Is al-Qaeda’s Nigerian Affiliate Ansaru Behind Ahmad Gumi’s Negotiations with Bandits?
On February 5, Nigerian Islamic scholar Ahmad Gumi negotiated with bandit leaders in northwestern Nigeria to bring security to a region that has been ravaged by conflict between bandits, local communities, and the government (pulse.ng, February 5). Suspicions are growing that the bandits are linked to Boko Haram’s Abubakar Shekau-led faction, which is based in northeastern Nigeria. Shekau had claimed responsibility for bandits’ kidnapping of more than 300 schoolboys in Katsina, northwestern Nigeria, in December 2020. The schoolboys were released after several days in custody (Telegram, December 20, 2020). It is unclear why Shekau lambasted Ahmad Gumi in a subsequent January 6 audio, but it was possibly related to Gumi’s impending negotiations with northwestern Nigerian bandits. This audio was the first time that Shekau had denounced Gumi since 2012 (Telegram, January 6).
Besides Shekau’s faction, Ansaru, which al-Qaeda formally considers its Nigerian affiliate, operates in northwestern Nigeria and likely has a stronger foothold there than Shekau’s loyalists (HumAngle, February 14; Terrorism Monitor, July 28, 2020). In May 2011, not long after Ansaru carried out its first ever kidnapping in northwestern Nigeria of two British and Italian engineers, who were later killed in a rescue attempt, the al-Qaeda-affiliated requested Desert Herald newspaper editor Tukur Mamu to deliver a treatise to Gumi and other prominent Nigerian Salafist scholars. Mamu, who serves as Gumi’s representative when Gumi is away residing in Saudi Arabia, later became Ansaru’s main media contact when it wanted to release statements (Desert Herald, June 2, 20212). This was presumably because Mamu shared several aspects of Ansaru’s ideology, including identifying with Nigeria’s Fulani population, and Desert Herald and Ansaru were both based in Kaduna in north-central, Nigeria (Desert Herald, December 2, 2017).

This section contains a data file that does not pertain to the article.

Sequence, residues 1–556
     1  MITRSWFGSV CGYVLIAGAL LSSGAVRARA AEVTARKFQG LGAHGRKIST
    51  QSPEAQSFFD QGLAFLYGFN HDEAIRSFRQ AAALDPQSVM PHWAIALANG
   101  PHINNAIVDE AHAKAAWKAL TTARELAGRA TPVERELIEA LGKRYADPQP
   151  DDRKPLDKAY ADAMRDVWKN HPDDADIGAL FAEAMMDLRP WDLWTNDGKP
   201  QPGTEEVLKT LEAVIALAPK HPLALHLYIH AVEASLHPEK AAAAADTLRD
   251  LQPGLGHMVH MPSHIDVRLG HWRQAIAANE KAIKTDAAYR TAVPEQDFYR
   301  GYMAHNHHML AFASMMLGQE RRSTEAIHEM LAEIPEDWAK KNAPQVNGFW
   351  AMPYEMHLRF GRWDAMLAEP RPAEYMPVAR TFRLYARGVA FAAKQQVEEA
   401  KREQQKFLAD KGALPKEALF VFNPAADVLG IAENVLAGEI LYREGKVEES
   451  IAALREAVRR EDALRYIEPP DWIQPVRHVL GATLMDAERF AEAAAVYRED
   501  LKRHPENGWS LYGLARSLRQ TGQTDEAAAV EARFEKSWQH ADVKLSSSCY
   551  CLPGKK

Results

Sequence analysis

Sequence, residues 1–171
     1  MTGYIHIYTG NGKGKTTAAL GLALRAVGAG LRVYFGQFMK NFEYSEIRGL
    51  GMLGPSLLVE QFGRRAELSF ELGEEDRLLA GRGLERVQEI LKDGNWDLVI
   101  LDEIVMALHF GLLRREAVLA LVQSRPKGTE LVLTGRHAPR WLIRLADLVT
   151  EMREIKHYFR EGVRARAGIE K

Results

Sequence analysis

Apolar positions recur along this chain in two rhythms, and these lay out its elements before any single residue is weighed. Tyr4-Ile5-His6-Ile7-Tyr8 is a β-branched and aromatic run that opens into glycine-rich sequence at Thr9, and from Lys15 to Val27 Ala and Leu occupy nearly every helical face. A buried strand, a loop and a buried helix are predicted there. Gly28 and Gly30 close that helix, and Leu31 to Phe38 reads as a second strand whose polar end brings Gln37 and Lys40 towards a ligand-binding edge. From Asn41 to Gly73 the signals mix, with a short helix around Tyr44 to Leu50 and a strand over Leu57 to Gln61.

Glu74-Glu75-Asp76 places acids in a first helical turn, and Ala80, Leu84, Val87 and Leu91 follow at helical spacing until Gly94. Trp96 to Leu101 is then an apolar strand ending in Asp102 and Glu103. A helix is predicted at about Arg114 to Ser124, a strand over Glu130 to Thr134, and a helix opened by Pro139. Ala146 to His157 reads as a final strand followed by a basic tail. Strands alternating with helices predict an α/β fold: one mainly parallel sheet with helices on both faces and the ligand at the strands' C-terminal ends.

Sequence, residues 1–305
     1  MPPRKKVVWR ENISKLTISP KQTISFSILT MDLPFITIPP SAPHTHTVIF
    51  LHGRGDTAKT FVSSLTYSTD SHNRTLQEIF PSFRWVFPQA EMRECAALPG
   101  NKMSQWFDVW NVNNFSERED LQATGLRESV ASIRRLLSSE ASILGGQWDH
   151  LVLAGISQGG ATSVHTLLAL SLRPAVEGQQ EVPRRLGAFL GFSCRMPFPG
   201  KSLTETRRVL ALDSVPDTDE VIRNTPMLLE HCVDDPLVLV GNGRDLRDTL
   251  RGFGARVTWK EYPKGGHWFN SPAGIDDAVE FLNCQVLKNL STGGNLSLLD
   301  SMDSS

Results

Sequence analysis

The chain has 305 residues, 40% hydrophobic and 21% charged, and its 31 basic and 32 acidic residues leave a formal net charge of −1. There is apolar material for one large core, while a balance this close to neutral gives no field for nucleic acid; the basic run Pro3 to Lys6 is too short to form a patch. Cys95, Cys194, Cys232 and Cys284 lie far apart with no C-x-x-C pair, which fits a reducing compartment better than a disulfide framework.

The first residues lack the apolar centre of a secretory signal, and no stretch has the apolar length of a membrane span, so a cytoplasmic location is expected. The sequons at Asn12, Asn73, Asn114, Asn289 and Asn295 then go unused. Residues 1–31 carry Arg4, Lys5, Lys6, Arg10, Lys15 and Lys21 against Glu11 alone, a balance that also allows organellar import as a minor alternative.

It is, therefore, notable that Mamu accompanied Gumi when he met with “top commanders” of bandit groups (Desert Herald, January 20). Also notable was that Gumi claimed the bandits were seeking anti-aircraft missiles because Ansaru used such weapons against Nigeria’s air force in Kaduna in January 2020 (punchng.com, February 13; vanguardngr.com, February 5, 2020). Ansaru also would need anti-aircraft weapons because Nigeria’s air force has continued launching airstrikes on “Ansaru bandit” camps in the northwest, including Katsina (prnigeria.com, November 20, 2020). One bandit leader also reminded Gumi during negotiations that “This is how Boko Haram started, Nigeria underestimated us and the problem” (Dailypostng.com, February 4).
Ansaru and, to an extent, Shekau’s faction are certainly in northwestern Nigeria. The historical connection of Gumi, Tukur Mamu, and Ansaru should also raise new questions about whether the al-Qaeda affiliate is operating behind the scenes of the ongoing negotiations between Gumi and bandits in northwestern Nigeria, with Mamu also playing some sort of mediating role. The fact that one bandit leader with whom Gumi met, Dogi Gide, has reported Ansaru ties further suggests the group’s hand in the negotiations (Sahara Reporters, February 19; HumAngle, June 9, 2020).
Ethiopia Breaks Up Islamic State Cell in Oromo, But Questions Remain
On January 31, Ethiopia reported that it arrested a group of jihadists in its Oromo region bordering Somalia that was inspired by Islamic State (IS) (borkena.com, January 31). This was surprising because IS has rarely featured Ethiopia in its propaganda and Ethiopians have not been prominent among IS or even al-Shabaab members in neighboring Somalia. Also unusual about these reports are that the cell allegedly had “connections” with al-Shabaab, which is an al-Qaeda affiliate and enemy of IS. Further, the timing of the arrests amid Ethiopia’s ongoing war against rebels in Tigray in the country’s north could mean whether or not the cell was truly affiliated with IS, the announcements about the arrests may have been inflated to divert attention from the conflict in Tigray (Terrorism Monitor, December 17, 2020).
At the same time, Ethiopia’s military released a video of weapons and money captured from the IS suspects that appeared authentic (HCH24 Djibouti, January 25). Also featured were apparent confessions from the IS members and the wives of the suspects, who all wore face coverings. Ethiopia evidently considered it among the most important of the counterterrorism operations that the country has conducted in recent years. Previously, in September 2019, the Ethiopian government warned that IS and al-Shabaab would target hotels in Ethiopia (africanews.com, September 23, 2019). However, no such attacks have taken place since then.
In the near future, it is likely the reported arrest of IS or al-Shabaab members will remain a one-off affair. IS has not traditionally focused on Ethiopia, and al-Shabaab is also focused more on Kenya than Ethiopia in terms of external operations. Moreover, Ethiopia’s conflict in Tigray is forcing the army to reduce its military footprint in Somalia (Somaliaffairs.com, November 15, 2020). This would make it less likely for al-Shabaab to conduct attacks in Ethiopia that could compel Ethiopia’s army to redeploy to Somalia.